Edgemoor representatives asked what potential employees need as far as childcare, transportation and workforce training. Based on the needs of employees, Edgemoor will pay daycare centers to stay open longer and provide free transportation to the airport.
The Federal Aviation Administration requires "needs evaluation" meetings. Edgemoor can't put the daycare and transportation programs into place until after the meetings and after they get approval from the FAA.
Some programs like internships, low-interest loans and "pay without delay" for minority and women-owned businesses are already in place. Those programs don't need FAA approval.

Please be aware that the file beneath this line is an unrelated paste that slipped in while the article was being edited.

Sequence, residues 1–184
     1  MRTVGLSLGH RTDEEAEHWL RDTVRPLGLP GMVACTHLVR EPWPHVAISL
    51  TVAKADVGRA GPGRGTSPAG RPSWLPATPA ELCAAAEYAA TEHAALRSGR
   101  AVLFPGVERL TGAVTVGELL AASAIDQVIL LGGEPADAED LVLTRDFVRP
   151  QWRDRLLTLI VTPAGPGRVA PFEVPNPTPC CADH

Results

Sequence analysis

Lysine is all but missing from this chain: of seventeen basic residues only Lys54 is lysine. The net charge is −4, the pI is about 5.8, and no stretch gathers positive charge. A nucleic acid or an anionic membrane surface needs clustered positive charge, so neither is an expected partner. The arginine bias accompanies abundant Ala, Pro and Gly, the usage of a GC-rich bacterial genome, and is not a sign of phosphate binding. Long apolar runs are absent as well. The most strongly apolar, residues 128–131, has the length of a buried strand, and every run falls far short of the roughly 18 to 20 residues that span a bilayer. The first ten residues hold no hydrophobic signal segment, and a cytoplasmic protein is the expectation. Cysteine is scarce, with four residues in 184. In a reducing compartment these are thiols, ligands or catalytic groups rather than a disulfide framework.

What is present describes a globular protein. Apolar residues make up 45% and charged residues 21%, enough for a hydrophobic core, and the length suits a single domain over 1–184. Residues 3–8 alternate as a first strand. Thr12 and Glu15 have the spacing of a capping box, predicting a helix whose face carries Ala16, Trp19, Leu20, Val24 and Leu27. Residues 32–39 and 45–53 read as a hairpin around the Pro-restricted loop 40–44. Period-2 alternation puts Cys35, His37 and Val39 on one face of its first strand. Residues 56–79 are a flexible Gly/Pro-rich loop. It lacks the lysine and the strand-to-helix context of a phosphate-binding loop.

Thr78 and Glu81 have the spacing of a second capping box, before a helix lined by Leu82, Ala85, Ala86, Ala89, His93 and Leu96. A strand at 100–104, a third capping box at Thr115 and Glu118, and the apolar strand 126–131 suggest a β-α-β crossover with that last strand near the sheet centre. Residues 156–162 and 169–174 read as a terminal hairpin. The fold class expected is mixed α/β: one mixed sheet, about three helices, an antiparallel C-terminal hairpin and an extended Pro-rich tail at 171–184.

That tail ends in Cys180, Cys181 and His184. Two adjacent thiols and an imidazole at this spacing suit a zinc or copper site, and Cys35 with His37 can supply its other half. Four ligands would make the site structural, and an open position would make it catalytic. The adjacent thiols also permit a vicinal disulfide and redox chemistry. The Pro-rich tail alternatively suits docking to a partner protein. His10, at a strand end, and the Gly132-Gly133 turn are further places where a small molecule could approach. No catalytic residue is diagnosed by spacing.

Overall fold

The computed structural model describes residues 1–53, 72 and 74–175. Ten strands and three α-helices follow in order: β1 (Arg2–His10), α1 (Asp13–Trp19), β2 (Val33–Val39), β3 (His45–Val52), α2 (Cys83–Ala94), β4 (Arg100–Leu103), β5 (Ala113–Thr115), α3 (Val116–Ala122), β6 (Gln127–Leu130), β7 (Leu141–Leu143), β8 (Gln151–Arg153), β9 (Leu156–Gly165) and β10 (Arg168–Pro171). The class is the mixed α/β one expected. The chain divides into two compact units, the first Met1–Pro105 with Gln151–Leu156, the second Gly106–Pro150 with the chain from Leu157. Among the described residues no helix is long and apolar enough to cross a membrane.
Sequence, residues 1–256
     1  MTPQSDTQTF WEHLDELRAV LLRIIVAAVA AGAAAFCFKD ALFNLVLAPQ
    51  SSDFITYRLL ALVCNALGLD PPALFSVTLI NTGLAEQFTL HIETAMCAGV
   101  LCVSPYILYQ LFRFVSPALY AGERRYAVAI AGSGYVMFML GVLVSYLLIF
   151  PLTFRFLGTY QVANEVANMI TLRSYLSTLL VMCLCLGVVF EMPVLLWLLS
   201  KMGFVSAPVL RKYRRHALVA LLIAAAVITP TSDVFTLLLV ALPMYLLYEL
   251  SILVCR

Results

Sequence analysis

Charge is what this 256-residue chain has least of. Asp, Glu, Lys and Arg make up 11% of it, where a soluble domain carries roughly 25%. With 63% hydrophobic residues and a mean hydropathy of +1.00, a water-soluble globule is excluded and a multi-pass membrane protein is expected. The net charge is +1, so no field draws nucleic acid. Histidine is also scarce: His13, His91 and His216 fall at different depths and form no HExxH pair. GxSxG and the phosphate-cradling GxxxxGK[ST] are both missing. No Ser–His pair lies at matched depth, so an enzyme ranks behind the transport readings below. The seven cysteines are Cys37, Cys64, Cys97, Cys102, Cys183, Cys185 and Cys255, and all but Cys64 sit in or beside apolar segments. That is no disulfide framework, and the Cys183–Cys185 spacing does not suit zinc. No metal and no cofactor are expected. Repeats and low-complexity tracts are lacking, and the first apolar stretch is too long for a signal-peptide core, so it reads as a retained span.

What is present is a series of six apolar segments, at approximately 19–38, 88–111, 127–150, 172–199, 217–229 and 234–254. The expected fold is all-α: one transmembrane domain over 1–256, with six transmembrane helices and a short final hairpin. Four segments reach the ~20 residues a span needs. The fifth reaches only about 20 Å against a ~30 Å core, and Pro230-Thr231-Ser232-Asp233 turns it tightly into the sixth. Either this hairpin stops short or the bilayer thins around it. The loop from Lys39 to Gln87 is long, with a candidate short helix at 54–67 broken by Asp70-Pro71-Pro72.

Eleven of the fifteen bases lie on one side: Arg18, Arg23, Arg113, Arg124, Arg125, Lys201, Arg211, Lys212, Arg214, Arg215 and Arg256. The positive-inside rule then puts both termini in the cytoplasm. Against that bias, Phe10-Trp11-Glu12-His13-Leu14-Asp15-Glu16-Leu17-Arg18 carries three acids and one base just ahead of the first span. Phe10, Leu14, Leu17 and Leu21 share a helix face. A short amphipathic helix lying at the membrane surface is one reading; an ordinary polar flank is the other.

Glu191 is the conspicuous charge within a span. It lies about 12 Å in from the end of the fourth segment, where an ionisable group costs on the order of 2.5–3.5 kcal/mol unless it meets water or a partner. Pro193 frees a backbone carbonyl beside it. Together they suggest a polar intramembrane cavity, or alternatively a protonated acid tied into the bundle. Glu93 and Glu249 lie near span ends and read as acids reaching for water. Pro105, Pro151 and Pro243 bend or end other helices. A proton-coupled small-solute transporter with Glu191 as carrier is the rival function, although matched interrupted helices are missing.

There's been criticism from some city council members. They've argued there aren't enough minorities and women working on the project.
But Edgemoor said they're right on target with the numbers.
The developer committed to 35% of both construction and professional services be down by minority and women-owned business enterprises.
"We've worked less than one-half percent of the total hours of this project," said Daniel J. Moylan, senior development manager for Edgemoor. "To put that into perspective, we've got about 22,000 hours logged. We've got a long way to go on the project and we're going to do everything we can to put the Kansas Citians to work."
Edgemoor's representatives said as more work is done, we'll see more minorities and women working on the single terminal at KCI.